As mentioned above, we considered three aspects of cooperation: (a) coordination, (b) prosociality and (c) inequity aversion. Our measure of the animals’ capacity to coordinate with one another was their success in a variant of the commonly used loose-string paradigm (Fig. 1A), whereby two individuals are required to pull on either end of a rope in order to bring a baited tray situated on the other side of a fence within reach. If only one individual pulls on the rope, it becomes unthreaded and neither can acquire the reward. Success in a condition with two apparatuses, requiring coordination in both space and time, was the dependent measure. Prosociality was measured using a touch screen apparatus, whereby touching one symbol rewarded the partner’s enclosure (Fig. 1B) and the other symbol provided no reward. Finally the inequity aversion task required the animals to alternate in pressing a buzzer (Fig. 1C) with their paw to receive a reward, and the reward distribution was varied to be either equitable between the partners or not (see methods for more details).

Figure 1
figure1

Images depicting the cooperative tasks. (A) the loose-string coordination task, where two individuals must pull simultaneously on either end of the rope to reach a reward, (B) the prosocial touch screen task, where after the subject (right) touches the giving symbol, the partner (left) is rewarded, and (C) the inequity aversion buzzer task, where the individuals alternately press a buzzer but while the partner is rewarded for the action, the subject is not. Image credit: Stephan Reber.

The current sample of wolves have shown coordination44, prosociality45 and inequity aversion28 at the group level, but also demonstrated individual variation in these responses. The results from the previous studies revealed some effects of social relationship which explain part of the variation. Specifically, dyads with higher cooperative success were those closer in rank and higher in their affiliative bonds44. Additionally, subjects which were much more dominant to their partner were more inequity averse28. However, these previous studies only considered one or two factors at a time and did not consider tolerance or non-social factors at all.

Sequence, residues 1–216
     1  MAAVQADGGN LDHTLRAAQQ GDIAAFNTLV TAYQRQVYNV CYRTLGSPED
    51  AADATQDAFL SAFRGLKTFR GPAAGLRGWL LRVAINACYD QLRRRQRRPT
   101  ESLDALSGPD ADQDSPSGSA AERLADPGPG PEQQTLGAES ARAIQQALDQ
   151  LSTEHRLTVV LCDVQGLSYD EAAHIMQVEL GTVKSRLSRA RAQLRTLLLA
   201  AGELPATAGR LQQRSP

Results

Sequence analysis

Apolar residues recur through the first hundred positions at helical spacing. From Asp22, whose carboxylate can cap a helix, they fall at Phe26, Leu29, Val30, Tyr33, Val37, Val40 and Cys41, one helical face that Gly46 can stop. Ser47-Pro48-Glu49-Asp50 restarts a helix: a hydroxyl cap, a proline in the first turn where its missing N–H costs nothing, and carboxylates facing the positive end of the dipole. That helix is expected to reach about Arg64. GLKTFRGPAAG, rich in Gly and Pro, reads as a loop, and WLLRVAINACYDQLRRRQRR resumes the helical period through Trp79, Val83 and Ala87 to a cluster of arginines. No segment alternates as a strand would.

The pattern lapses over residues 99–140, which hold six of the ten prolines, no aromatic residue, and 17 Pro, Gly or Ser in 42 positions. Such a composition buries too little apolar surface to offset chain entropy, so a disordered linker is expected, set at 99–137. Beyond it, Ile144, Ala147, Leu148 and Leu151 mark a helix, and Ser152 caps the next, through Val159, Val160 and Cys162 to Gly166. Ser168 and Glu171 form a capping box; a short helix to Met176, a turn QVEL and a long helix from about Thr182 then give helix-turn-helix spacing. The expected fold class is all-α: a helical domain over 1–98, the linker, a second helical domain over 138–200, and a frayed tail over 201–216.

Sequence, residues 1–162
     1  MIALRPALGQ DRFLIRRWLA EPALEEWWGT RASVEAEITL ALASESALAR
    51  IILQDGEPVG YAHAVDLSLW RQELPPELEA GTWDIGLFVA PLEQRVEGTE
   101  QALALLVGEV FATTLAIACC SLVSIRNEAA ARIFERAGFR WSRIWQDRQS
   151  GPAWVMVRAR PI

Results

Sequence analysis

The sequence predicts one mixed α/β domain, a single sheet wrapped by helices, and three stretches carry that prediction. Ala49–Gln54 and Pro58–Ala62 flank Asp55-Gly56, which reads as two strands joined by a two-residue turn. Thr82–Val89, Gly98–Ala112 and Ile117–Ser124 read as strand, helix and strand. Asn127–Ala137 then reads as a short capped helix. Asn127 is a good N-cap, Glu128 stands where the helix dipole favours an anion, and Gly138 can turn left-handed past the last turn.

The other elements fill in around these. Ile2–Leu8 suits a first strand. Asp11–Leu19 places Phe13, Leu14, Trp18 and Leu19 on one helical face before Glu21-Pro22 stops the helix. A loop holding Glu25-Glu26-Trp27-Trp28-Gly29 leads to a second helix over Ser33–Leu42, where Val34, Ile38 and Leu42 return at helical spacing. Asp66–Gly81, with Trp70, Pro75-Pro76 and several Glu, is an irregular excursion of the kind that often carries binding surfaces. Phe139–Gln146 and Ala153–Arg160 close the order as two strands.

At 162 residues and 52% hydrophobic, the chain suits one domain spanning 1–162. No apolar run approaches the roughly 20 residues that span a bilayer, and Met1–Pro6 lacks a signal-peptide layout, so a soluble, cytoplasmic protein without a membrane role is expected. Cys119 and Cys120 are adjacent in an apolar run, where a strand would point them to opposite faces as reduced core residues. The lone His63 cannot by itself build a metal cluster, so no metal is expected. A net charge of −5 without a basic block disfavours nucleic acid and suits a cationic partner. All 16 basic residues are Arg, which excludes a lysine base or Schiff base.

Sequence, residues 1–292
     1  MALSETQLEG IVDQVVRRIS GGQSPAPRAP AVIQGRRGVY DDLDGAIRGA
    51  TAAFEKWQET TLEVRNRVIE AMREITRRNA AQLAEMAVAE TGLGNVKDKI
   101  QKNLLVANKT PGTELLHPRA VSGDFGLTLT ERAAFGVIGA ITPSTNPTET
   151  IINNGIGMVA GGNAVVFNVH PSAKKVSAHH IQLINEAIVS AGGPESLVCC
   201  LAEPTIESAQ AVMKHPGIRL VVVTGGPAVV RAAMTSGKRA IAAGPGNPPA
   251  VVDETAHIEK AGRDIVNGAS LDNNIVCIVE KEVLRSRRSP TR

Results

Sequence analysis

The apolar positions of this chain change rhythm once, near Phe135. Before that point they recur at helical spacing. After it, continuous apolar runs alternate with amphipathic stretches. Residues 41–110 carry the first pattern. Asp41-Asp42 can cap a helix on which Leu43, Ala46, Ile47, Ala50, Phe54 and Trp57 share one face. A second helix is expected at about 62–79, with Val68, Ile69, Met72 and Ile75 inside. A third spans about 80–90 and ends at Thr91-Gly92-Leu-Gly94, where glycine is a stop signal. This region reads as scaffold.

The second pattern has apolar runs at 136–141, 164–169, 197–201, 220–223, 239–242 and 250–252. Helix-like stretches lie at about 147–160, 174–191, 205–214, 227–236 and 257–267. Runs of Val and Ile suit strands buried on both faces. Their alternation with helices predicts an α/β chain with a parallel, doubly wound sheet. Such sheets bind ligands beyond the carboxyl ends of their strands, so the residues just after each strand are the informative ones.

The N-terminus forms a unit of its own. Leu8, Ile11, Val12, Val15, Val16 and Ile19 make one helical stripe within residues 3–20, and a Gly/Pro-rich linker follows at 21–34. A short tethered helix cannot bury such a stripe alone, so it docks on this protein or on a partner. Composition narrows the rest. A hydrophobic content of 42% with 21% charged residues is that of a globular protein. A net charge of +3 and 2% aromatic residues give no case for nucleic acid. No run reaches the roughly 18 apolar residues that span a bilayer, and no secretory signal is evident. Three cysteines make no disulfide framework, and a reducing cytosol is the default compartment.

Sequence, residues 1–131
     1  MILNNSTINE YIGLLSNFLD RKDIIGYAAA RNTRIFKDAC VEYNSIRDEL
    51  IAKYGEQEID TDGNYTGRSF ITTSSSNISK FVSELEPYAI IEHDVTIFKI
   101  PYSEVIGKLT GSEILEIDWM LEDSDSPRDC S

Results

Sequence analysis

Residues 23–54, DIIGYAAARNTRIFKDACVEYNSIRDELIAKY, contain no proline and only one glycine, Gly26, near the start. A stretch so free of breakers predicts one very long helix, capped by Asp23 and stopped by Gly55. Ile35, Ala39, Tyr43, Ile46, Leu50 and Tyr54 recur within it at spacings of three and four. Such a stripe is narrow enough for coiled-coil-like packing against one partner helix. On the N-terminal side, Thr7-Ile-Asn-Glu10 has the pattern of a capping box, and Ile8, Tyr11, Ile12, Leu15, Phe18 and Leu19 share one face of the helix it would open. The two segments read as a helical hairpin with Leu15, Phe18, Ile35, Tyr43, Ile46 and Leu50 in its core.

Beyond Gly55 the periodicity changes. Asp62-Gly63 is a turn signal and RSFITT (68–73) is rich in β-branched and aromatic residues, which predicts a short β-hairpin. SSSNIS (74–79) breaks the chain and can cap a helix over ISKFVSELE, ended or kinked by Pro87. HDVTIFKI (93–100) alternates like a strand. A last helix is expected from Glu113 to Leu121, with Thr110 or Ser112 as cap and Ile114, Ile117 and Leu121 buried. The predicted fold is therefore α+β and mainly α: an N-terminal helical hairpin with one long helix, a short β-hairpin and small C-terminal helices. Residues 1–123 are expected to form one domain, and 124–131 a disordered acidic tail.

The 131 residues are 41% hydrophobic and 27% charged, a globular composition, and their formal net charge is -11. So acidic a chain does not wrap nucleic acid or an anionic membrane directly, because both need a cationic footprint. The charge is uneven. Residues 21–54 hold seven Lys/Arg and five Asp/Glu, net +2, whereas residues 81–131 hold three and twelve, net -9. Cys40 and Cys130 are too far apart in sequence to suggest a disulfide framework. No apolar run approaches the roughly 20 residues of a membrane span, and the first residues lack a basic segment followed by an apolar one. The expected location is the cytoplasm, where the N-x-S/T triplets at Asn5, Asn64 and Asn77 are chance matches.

Using social information on affiliative and dominance relationships (collected via focal observations of spontaneous interactions within the pack) as well as on tolerance around a food-source (collected experimentally) on the same wolves, we simultaneously modelled these multiple dyadic social influences on each of the cooperative interactions described above. Based on previous findings summarised above, we predicted that dyads with higher affiliation and tolerance to be more prosocial, better at coordinating their actions at the string-pulling table and less inequity averse. Furthermore, we expected rank to influence coordination and inequity aversion, with dyads closer in rank coordinating more successfully and more dominant individuals being more inequity averse. We predicted wolves dominant to their partner to be more prosocial than subordinates27, but expected dominance relationships to have less of an influence than affiliation and tolerance.